BOSTON – Terrin Vavra is playing left field today for the 11th time in the majors. He knows the position and embraces his utility-type role if it keeps him on the Orioles’ roster.
“This is something that, really hope to be playing it in the postseason,” he said this morning. “This is the same type of environment, same type of climate, so I think just try to take it all in and make the most of it.”
Everything is the same except for the left field wall.
Today is Vavra’s introduction to it.
Anthony Santander started in left on Opening Day and Ryan McKenna played it last night. They won’t take away fond memories of the experience, though McKenna made a sensational diving catch earlier in the game before the dropped fly ball in the ninth preceded Adam Duvall’s walk-off home run.
“I think it’s a challenge, no doubt, but you’ve got to take each moment and try to learn from it the best you can,” Vavra said. “No ball hit at you is the same as the last one. Every time that you’re in the outfield, there’s a new challenge, and the wall limits some things and changes your philosophy about how you attack certain things. But other than that, we have great coaches that have seen a lot of games here that give us good game plans, good methods going into it. How to react to certain things. So, we try to make the most of that.”
The weather forced the cancellation of batting practice the first two days and prevented Vavra from getting pregame work in the outfield.
“That definitely takes away from some of the reps,” he said. “Like I said, every time the ball’s hit it’s different than the last time, so you’ve got to react and learn from it.”
Manager Brandon Hyde kept moving around Vavra in spring training, putting him in the outfield and using him at third, second and first base. His value increases with each spot that he can occupy and gain the staff’s trust.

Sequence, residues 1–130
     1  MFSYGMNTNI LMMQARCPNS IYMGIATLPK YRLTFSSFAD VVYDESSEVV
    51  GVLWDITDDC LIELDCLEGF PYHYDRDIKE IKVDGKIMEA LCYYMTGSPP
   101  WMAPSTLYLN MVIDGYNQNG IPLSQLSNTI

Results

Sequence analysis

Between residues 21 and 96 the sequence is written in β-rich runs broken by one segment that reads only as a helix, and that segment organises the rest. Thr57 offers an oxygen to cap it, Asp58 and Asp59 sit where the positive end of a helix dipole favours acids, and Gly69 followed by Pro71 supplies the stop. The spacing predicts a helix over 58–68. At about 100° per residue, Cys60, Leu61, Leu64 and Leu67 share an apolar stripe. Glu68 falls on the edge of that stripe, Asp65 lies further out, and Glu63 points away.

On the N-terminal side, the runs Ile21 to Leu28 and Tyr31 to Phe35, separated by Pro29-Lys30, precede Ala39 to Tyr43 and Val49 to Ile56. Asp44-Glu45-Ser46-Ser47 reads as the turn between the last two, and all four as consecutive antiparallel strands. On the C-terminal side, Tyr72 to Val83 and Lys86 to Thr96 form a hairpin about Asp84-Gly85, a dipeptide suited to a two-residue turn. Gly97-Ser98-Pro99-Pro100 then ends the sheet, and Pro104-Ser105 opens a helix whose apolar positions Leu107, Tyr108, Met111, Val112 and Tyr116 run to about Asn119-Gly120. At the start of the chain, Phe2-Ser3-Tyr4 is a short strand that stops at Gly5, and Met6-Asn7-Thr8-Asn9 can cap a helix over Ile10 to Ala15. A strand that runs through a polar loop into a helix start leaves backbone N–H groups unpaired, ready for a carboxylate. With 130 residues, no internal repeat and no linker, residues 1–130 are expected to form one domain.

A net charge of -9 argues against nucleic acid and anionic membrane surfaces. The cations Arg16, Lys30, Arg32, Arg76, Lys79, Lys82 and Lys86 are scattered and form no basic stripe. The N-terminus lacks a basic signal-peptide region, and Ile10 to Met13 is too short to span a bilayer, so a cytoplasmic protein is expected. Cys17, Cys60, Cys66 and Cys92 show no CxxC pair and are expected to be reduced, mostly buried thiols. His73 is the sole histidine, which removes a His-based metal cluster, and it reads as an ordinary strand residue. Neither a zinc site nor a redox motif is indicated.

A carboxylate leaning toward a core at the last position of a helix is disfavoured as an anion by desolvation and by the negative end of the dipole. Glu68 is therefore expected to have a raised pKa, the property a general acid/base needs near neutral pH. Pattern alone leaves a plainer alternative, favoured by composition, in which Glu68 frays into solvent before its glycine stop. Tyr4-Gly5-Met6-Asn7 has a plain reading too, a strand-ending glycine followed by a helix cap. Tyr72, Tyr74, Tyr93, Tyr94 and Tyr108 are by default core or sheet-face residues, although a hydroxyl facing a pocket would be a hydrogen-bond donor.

“It’s a challenge, but it’s something I’m up for, it’s something that the coaches have a lot of confidence in me, so that gives me a lot of confidence, as well,” Vavra said. “I’m just trying to go out and put the best foot forward and get on base and get good defense and help our team win.”
The corner outfield provides its own challenges compared to center, where Vavra made 30 starts in the minors.
“The ball comes off the bat a little differently, there’s different angles you have to take, but ultimately, if you’ve got to be an athlete, you’ve got to be an athlete and you’ve got to react and get to the ball in the right spot,” he said. “Ultimately, that’s the same regardless of what position you’re at.”
Advice on playing left in Boston can come from Vavra’s father, Joe, a former major league coach.
“A lot of similar stuff to what our coaches say,” Vavra said. “There’s a lot of nooks and crannies out there, there’s a lot of things that change the bounce of the ball and change how you have to go after things. But you’ve been around the game a lot, especially in this division, you’ve seen this wall a lot, you kind of learn how to attack it.
“There’s hard parts of the wall, there’s ladders hanging off it, there’s a lot of nooks and crannies that the balls can kick off of. There’s dents in the wall that affect everything. You guys have seen the sun and the wind play a factor, too, in how you go after it. Definitely a challenge, but something I’m up for and something we’ll attack head on.”
Hyde wanted to get Vavra in the lineup and intends to do the same with outfielder Kyle Stowers, who’s waiting for his first opportunity. Hyde said Stowers is healthy.
“The way we swung the bat the first couple games, a lot of guys you want to keep in the lineup, but Kyle and Vavra are both going to get at-bats,” Hyde said. “They’re both going to play. Just hasn’t worked out up to the first two games. But we’re swinging the bat pretty well and we’re scoring runs. I expect those guys to mix in when they get in there.”
Jorge Mateo played catch today to test his right hand. He has bandages covering the two cuts on his index finger.
Hyde said Mateo had a scheduled day off and his absence from the lineup isn’t due to the hand.
James McCann is doing baseball activities, including hitting in the cage and catching bullpen sessions, as he recovers from his strained left oblique. Hyde said he’s encouraged by the progress.